Network signaling and control mechanisms are critical to coordinate such diverse defense capabilities as honeypots and honeynets, host-based defenses, and online patching systems, any one of which might issue an actionable alert and provide security-critical data. Despite considerable work in exploring the trust requirements of such defenses and in addressing the distribution speed of alerts, little work has gone into identifying how the underlying transport systems behave under adversarial scenarios.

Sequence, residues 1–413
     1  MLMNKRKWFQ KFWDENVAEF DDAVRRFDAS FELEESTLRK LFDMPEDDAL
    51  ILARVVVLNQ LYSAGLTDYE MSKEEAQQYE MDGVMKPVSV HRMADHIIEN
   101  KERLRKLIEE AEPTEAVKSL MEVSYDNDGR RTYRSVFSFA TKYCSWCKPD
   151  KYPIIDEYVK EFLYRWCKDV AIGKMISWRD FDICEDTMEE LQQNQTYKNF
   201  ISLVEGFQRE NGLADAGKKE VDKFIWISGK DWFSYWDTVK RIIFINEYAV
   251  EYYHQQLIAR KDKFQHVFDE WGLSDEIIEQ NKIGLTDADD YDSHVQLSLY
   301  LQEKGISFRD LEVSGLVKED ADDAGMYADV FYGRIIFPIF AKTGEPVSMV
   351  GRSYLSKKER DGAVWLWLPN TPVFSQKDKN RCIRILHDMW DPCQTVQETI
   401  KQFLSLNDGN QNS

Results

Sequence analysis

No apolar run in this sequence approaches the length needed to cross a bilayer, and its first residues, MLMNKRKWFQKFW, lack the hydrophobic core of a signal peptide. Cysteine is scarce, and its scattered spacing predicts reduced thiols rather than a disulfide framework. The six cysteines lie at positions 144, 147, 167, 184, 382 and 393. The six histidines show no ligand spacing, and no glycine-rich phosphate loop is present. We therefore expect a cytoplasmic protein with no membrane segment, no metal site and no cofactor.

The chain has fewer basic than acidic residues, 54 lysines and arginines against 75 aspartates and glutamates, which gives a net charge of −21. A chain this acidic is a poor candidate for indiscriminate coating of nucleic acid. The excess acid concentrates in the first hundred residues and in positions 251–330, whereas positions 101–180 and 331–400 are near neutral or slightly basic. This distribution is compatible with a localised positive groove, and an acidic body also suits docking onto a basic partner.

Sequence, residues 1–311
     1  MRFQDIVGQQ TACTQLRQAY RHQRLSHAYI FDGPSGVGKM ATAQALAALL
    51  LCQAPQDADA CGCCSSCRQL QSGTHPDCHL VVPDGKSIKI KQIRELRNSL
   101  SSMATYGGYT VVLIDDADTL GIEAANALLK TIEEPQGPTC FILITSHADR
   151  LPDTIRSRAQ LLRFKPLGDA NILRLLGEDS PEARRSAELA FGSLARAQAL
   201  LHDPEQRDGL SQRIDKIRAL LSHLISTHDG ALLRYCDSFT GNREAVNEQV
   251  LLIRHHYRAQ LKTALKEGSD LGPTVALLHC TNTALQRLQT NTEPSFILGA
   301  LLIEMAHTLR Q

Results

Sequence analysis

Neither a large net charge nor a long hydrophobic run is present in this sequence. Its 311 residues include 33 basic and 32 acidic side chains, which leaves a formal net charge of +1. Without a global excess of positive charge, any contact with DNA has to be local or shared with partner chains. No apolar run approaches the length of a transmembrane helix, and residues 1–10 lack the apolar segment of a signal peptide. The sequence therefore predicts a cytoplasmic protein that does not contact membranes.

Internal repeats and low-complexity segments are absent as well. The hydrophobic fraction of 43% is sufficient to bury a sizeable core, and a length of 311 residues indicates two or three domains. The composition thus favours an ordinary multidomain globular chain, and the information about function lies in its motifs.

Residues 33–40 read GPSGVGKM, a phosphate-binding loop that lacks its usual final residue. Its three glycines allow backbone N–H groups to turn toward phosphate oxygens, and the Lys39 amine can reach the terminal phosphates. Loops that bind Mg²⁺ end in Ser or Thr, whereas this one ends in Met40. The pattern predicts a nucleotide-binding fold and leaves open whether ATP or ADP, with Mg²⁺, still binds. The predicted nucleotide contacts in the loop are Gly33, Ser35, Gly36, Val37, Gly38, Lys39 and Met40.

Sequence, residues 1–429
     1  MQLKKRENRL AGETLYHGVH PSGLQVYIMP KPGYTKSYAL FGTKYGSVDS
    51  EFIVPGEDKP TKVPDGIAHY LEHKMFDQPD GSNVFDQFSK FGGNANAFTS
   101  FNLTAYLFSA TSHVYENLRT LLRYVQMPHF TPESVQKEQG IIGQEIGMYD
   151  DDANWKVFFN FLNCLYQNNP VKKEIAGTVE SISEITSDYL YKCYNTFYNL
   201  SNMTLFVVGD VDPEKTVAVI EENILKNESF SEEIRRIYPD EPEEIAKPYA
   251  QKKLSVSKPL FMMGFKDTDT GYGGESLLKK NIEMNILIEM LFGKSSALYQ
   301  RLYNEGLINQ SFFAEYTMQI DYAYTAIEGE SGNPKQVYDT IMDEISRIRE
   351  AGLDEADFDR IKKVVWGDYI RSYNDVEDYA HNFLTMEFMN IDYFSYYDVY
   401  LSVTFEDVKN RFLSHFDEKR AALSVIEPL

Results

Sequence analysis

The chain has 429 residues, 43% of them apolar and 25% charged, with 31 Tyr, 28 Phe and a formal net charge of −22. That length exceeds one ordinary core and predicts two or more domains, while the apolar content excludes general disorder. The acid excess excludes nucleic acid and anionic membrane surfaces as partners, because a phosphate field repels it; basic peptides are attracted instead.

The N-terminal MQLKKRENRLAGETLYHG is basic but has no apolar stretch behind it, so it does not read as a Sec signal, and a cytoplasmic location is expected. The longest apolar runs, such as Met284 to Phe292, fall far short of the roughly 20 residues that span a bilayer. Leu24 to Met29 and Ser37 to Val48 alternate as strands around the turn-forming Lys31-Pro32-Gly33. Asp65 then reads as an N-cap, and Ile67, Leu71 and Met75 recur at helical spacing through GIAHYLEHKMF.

In this paper, we evaluate the reliability and performance trade-offs for a variety of control channel mechanisms that are suitable for coordinating large-scale collaborative defenses when under attack. Our results show that the performance and reliability characteristics change drastically when one evaluates the systems under attack by a sophisticated and targeted adversary. Based on our evaluation, we explore available design choices to reinforce the reliability of the control channel mechanisms. To that end, we propose ways to construct a control scheme to improve network coverage without imposing additional overhead.
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